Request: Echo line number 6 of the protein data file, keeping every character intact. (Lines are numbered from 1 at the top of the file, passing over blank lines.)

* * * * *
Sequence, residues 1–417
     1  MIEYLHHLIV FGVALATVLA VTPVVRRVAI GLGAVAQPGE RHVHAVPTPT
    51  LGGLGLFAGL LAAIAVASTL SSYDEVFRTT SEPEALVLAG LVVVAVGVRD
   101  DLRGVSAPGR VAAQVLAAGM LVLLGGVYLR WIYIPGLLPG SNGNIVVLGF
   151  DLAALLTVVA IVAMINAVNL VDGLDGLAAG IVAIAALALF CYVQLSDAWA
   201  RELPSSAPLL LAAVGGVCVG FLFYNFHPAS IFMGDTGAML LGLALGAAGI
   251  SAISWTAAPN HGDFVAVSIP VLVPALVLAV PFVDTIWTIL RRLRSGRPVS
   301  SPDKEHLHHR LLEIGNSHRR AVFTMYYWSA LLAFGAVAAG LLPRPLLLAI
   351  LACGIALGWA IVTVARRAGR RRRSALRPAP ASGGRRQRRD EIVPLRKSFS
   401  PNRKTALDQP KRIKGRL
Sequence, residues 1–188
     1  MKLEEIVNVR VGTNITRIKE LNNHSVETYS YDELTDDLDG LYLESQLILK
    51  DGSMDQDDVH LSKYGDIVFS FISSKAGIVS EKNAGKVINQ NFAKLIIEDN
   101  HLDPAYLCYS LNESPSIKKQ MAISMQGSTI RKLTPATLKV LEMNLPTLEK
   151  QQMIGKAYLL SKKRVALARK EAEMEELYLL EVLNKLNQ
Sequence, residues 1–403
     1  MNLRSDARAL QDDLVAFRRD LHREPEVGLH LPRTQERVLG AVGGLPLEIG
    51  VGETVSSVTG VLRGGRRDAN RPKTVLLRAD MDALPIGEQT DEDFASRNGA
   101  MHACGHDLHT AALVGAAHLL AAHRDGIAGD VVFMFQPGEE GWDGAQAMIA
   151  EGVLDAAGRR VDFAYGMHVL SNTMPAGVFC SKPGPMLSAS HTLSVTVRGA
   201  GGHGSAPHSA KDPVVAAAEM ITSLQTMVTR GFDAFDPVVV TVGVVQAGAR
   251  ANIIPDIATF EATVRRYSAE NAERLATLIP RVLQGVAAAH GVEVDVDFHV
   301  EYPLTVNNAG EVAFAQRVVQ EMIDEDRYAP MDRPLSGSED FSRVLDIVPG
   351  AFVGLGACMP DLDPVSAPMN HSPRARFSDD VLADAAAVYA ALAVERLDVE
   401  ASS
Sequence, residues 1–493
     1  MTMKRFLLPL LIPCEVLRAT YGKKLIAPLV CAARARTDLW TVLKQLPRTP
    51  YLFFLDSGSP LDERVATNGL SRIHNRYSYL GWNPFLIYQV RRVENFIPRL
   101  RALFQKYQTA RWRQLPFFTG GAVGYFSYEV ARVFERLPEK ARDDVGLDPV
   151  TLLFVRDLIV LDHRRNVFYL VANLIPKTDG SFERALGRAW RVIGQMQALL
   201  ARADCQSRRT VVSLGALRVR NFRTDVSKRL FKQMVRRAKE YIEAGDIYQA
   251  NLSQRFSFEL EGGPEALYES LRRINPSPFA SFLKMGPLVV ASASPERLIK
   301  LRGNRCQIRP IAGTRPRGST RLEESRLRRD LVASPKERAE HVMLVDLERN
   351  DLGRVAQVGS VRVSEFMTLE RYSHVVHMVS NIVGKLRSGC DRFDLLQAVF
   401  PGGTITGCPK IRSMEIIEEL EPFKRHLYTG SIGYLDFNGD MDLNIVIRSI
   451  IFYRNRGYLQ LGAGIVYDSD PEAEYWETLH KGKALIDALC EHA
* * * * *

   201  RELPSSAPLL LAAVGGVCVG FLFYNFHPAS IFMGDTGAML LGLALGAAGI